Wedding Cakes, Sesame Street and more!

Well, I did say it could be a while. However, I am back, and back with lots of photos of cake! The last month has been absolutely flat out with cakes for me, and it doesn’t look like I’ll be slowing down any time soon! Which is not a bad thing, it is nice to busy making cake, than busy writing essays! Anyway, lets get to the important stuff – this cake below was made for a very special family wedding in late November, and I was super happy with how they turned out:

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The top cake was a 4” vanilla bean layer cake, filled with lemon curd. All of the cupcakes were a nice simple vanilla bean, with fondant flowers to match the bride’s beautiful dress. I love making vanilla bean cake, because it’s so simple, but has such a lovely flavour (providing you use good quality paste or beans). I am definitely a chocolate girl at heart, but vanilla bean brings a nice change and is so underrated.

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I used the trusty vanilla bean cupcake recipe by Taste.com, which I have been using for years, for both cakes. The recipe is so versatile – the result is always great with cupcakes, and small and large layer cakes.

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These cupcakes below have to be the most fun I have ever had making cakes! I was a little nervous to make these because I have never done anything like it before, but I was very happy with the results! As you probably know from my previous work, I am not a fan of fondant at all, but I had to make a slight exception for these cuties 🙂

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It was only the second time I have attempted bright red buttercream, because the first time, it was a nightmare! Red is such a difficult colour to get right, because you have to use sooooo much colour for it to be deep enough. However, if you add too much gel to the buttercream, it splits due to the amount of liquid = disaster. It took me two times to get it right, and the trick for me was to start with a deep pink, and then add the red to deepen the colour. If anyone has any tips for red buttercream – please let me know!! 🙂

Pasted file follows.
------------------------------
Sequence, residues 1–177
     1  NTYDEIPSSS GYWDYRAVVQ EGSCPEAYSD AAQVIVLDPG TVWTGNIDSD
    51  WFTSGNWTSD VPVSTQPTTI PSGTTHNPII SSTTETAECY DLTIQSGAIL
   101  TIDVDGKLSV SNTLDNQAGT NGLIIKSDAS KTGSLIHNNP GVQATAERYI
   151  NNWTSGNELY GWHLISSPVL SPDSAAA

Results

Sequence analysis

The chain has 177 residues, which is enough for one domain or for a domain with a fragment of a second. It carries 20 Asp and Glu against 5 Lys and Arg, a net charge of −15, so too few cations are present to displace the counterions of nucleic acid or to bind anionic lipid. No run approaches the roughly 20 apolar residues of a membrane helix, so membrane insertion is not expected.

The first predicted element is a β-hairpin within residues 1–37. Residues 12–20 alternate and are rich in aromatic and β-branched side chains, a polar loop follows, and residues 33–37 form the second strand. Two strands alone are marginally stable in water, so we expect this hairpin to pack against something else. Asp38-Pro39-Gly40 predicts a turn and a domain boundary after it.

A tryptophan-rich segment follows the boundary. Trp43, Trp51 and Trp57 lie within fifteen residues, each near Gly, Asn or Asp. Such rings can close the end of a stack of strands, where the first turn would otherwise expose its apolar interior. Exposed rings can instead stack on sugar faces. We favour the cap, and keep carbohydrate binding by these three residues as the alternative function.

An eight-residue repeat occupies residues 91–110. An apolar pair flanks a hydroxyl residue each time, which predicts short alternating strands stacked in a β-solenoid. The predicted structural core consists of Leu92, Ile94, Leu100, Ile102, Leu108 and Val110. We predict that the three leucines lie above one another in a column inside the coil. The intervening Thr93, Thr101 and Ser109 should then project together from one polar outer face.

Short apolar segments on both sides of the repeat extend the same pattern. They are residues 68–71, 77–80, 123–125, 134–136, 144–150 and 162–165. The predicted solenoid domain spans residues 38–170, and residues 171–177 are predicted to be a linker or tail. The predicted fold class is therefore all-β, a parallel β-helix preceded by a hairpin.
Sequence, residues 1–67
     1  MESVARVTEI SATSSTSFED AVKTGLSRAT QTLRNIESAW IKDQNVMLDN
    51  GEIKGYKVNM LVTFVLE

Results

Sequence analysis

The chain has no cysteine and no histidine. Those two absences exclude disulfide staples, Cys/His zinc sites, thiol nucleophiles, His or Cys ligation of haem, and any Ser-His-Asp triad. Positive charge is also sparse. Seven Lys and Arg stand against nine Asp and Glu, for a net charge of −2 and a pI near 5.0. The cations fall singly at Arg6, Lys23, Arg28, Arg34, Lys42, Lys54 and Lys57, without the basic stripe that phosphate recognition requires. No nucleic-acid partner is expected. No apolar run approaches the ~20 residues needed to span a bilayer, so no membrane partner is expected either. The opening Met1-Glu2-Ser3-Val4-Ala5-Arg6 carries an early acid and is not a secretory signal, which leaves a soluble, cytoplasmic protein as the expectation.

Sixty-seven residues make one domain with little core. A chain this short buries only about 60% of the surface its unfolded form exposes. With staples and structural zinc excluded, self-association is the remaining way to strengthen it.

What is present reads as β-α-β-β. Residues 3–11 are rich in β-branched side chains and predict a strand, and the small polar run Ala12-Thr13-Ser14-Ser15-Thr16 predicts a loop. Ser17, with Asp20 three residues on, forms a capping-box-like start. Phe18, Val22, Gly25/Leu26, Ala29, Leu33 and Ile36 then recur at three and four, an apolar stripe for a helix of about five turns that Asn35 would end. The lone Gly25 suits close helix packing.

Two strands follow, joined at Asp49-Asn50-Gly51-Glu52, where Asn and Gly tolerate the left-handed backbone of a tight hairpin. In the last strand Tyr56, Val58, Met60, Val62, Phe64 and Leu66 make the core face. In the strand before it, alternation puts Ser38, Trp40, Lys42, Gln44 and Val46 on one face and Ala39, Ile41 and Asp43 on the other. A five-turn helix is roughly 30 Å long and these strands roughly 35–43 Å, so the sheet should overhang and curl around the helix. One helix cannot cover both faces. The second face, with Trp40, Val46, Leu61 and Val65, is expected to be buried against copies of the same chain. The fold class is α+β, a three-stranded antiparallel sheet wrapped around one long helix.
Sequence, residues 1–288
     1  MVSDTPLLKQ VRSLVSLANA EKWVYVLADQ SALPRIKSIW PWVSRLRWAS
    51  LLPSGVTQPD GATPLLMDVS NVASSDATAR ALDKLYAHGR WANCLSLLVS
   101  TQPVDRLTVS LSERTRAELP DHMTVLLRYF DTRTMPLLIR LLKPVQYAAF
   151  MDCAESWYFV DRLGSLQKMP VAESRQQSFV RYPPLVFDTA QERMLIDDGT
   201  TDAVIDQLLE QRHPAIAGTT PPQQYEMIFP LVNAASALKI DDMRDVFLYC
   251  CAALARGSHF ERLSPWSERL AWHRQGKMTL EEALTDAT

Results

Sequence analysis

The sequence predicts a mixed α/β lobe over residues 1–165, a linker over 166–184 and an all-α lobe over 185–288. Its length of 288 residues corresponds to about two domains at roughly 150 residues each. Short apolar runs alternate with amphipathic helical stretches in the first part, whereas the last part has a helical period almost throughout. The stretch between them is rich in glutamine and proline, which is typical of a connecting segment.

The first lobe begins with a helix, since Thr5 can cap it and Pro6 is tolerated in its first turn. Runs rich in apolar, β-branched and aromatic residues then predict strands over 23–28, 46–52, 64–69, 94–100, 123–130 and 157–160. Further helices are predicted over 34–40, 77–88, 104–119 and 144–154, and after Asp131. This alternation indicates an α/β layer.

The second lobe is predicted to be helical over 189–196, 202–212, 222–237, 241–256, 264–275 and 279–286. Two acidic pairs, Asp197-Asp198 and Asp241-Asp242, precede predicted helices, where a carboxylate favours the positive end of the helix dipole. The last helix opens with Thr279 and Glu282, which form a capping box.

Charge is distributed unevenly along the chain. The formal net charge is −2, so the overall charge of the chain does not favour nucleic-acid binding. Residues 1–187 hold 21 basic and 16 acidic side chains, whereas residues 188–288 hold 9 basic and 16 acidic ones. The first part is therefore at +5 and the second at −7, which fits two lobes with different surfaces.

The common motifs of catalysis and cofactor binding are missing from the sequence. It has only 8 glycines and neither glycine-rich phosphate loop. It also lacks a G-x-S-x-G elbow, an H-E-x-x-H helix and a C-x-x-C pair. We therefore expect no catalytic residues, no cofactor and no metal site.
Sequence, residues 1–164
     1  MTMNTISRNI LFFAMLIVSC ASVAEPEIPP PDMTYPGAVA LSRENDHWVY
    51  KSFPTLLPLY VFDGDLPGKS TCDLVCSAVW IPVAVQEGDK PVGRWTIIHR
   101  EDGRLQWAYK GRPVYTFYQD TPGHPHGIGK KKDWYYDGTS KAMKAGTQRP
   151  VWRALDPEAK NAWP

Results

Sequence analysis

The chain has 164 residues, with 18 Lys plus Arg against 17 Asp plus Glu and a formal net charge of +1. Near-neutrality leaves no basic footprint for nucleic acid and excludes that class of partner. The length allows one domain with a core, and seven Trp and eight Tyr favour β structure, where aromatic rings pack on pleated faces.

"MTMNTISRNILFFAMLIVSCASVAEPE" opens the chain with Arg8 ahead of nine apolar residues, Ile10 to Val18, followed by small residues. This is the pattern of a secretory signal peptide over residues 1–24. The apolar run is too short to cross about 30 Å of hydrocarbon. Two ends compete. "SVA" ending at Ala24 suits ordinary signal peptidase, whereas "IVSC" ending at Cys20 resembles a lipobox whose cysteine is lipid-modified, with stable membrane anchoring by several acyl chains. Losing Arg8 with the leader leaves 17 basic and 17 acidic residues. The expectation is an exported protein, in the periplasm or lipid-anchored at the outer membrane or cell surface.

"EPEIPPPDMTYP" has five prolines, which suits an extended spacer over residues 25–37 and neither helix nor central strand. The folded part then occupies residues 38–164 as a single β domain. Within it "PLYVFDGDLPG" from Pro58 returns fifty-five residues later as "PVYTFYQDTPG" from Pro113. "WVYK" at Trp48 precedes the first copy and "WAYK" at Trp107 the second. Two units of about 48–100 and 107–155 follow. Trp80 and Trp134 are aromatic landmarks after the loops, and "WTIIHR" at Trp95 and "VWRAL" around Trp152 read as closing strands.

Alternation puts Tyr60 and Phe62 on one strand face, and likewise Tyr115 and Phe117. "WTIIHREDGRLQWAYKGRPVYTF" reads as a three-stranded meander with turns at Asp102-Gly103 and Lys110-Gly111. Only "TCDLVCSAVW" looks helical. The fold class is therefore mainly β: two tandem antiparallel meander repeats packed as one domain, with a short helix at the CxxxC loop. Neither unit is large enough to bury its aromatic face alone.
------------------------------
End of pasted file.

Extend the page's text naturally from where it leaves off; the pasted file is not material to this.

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Below are some other Birthday and Christmas cupcake orders I have been lucky enough to make 🙂

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Happy Christmas baking to you all, stay tuned for a delicious festive dessert soon! x

P.S. For more regular photos and updates, follow me on Instagram – @whiskitforabiscuit

 

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Halloween Spooky Spider Chocolate Oreos

Can you believe it’s Halloween already?! I’m a little bit excited about this, as it means it’s getting nice and close to the best time of year – Christmas! Halloween is not really a huge deal in Australia, although it seems to have become more popular in recent years. This is only the second post I’ve ever done on Halloween, and I’m definitely looking forward to doing more. There are some pretty cool baking ideas I found on Pinterest for Halloween. People are so creative. These Oreos, however, are probably not the most creative. They are, in fact, very easy to make and insanely delicious.

 

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I am a little bit obsessed with chocolate covered Oreos at the moment. I see stacks of them on Instagram, and some people make them look  like the most amazing little morsels of sparkly treasure, and you would never know that a humble Oreo biscuit was nestled inside. I have officially been inspired. Yum.

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So, why not cover an Oreo with a totally justifiable amount of chocolate, and then whack another Oreo on top? Just as well I could turn them into spiders, and that it’s coincidentally the week of Halloween!